Aiex is a leading AI-powered no-code industry solutions platform, empowering managers with tools to analyze big data to improve the accuracy and speed of their processes.
In 2014, Ian J. Goodfellow and his co-authors introduced the Generative Adversarial Network (GAN). GANs perform unsupervised learning tasks in machine learning. Two models, known as generators and discriminators, are used to discover and learn the patterns in the input data.
There are two essential components in a GAN that work in tandem to improve the network:
Generator: Typically, the Generator starts its work by receiving Gaussian noise from the input. The next objective of the Generator is to generate images as close as possible to reality.
Discriminator: Tasked with distinguishing fake images from real images, the discriminator examines the images generated by the Generator and determines whether images look real enough. The discriminator achieves this by comparing the dataset images and the images generated by the Generator.
In Short, a GAN strives to create images that look as natural as possible, and these images can often deceive humans and even the computer that created them into thinking they are real images.
The figure below shows an example of GAN training on handwritten digits (mnist). At each stage, the shapes start from noise and change shape to ultimately form handwritten digits.
It is customary to use the story of the police and the counterfeiter to explain the GAN. The main character of this story is a police officer (the Discriminator) who searches for counterfeit money and a counterfeiter (the Generator) who makes fake money.
At first, the counterfeiter knows nothing about how money is supposed to look, so he will create terrible forgeries. The officer is equally terrible at recognizing fake money.
Herein, the officer is informed that a specific dollar bill is fake. Then, we show a real dollar bill and ask how it differs from the fake one. In order to distinguish the real one from the fake one, the officer looks for new details. The officer might notice, for example, that authentic money has a picture of a person while fake money does not. As a result, he can distinguish between real and fake money.
In the next step, we explain to the counterfeiter that his money images are being rejected as fake and that they need to be improved.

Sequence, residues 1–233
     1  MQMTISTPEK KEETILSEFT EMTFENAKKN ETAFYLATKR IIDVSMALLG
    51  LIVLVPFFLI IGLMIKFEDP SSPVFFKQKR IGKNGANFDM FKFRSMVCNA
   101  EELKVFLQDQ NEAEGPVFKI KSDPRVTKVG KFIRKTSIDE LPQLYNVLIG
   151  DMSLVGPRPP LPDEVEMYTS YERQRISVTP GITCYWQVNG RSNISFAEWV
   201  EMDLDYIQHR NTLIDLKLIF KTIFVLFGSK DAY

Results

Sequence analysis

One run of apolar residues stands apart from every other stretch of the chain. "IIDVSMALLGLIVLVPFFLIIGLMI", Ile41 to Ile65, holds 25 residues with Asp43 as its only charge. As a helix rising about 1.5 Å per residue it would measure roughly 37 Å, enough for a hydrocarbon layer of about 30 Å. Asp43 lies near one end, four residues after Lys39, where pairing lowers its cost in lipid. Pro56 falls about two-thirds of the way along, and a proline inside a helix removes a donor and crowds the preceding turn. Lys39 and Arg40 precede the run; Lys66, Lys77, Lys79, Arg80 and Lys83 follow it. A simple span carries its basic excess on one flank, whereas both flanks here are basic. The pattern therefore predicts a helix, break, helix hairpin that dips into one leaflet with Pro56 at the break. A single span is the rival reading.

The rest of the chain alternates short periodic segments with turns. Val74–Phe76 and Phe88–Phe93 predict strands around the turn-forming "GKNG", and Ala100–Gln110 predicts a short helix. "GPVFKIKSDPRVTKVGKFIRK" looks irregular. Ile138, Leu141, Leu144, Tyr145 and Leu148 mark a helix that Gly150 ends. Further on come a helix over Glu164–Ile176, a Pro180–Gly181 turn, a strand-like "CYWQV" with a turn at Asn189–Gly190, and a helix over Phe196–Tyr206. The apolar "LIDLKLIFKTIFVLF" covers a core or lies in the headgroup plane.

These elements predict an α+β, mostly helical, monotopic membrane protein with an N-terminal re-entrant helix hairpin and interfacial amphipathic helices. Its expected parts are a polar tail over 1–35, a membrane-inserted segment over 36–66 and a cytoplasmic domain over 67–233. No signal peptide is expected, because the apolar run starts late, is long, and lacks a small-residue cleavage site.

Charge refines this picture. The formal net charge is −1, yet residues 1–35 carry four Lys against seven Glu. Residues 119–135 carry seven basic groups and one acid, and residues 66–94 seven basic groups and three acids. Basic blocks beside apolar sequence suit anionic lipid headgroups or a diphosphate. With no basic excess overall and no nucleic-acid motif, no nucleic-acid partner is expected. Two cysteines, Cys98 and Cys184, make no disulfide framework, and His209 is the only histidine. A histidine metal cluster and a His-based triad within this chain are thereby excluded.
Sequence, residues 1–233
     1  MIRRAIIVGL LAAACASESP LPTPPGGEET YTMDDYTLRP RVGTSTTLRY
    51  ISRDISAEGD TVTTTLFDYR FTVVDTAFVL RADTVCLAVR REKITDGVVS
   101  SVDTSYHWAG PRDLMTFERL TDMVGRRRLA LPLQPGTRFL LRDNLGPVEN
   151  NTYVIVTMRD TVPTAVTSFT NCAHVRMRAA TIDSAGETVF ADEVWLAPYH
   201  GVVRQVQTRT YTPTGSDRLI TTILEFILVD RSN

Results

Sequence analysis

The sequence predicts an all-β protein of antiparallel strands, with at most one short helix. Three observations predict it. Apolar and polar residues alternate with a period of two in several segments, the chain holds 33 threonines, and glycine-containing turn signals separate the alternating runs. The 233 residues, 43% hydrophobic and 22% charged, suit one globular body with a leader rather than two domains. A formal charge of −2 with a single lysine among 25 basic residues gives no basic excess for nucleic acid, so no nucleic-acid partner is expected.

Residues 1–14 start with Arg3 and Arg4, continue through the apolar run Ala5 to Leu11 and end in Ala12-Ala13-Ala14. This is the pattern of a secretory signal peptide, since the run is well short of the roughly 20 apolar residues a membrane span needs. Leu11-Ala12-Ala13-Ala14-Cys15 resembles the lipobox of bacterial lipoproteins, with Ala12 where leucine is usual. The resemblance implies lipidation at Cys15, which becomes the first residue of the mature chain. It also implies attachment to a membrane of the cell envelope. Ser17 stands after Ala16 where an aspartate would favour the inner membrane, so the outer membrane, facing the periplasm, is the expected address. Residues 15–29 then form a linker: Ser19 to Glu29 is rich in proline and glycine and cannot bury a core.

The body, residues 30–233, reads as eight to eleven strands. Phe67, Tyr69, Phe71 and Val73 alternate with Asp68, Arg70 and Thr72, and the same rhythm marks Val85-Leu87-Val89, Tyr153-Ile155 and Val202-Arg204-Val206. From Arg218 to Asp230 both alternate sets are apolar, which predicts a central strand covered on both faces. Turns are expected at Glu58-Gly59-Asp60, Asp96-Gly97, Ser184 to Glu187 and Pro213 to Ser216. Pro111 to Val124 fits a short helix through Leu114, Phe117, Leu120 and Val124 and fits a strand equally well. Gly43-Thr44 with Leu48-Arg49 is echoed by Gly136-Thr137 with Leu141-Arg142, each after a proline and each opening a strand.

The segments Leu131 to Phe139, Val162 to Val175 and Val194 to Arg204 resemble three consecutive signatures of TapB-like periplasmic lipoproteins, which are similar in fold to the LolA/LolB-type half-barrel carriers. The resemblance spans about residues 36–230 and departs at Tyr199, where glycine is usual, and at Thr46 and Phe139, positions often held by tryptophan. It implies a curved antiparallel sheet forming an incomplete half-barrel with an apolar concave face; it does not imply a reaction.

This cycle repeats thousands of times until both networks become experts in this back-and-forth game. As time passes, the Generator produces near-perfect counterfeits, and the Discriminator becomes a Master Detective looking for the slightest anomalies.
1- Vanilla adversarial generative networks
(the original network introduced by Ian Goodfellow) (The Vanilla GAN)
2- Deep Convolutional Generative Adversarial Networks
A convolutional neural network is used as both a generator and a discriminator. For example, The network Nvidia developed generates images that are used to distinguish between real and false face images.
3- Conditional Generative Adversarial Networks
It is possible to generate a specific type of data using the network. Consider the dataset of numbers 0 to 9 (mnist), each of which can generate random images of numbers in the usual adversarial generator network. The difference is that in this type of network, we can define a condition by feeding input C, so that it produces only the result we are looking for.
One of the pioneers of artificial intelligence, Yann Lecun, called GAN the most interesting machine learning idea of the last ten years. Researchers have achieved great success with GANs in the last 8 years. The following are some high-quality fake images of faces generated using GAN.
In addition to generating images of faces, the GAN has countless other applications. Various GAN-generated images can be found online. Among them are animal images, paintings in the style of famous painters, caricatures, and so on. The following are some of the applications of the GAN.
1. Goodfellow, Ian, et al. “Generative adversarial networks.” Communications of the ACM 63.11 (2020): 139-144.
2. Mirza, Mehdi, and Simon Osindero. “Conditional generative adversarial nets.” arXiv preprint arXiv:1411.1784 (2014).
3. Creswell, Antonia, et al. “Generative adversarial networks: An overview.” IEEE signal processing magazine 35.1 (2018): 53-65.
4. Gui, Jie, et al. “A review on generative adversarial networks: Algorithms, theory, and applications.” IEEE Transactions on Knowledge and Data Engineering (2021).
5. Mao, Xudong, and Qing Li. Generative adversarial networks for image generation. Springer Singapore, 2021.
6. Razavi-Far, Roozbeh, Ariel Ruiz-Garcia, and Vasile Palade. “An Introduction to Generative Adversarial Learning: Architectures and Applications.” Generative Adversarial Learning: Architectures and Applications. Springer, Cham, 2022. 1-6.
You can enter your email address and subscribe to our newsletter and get the latest practical content. You can enter your email address and subscribe to our newsletter.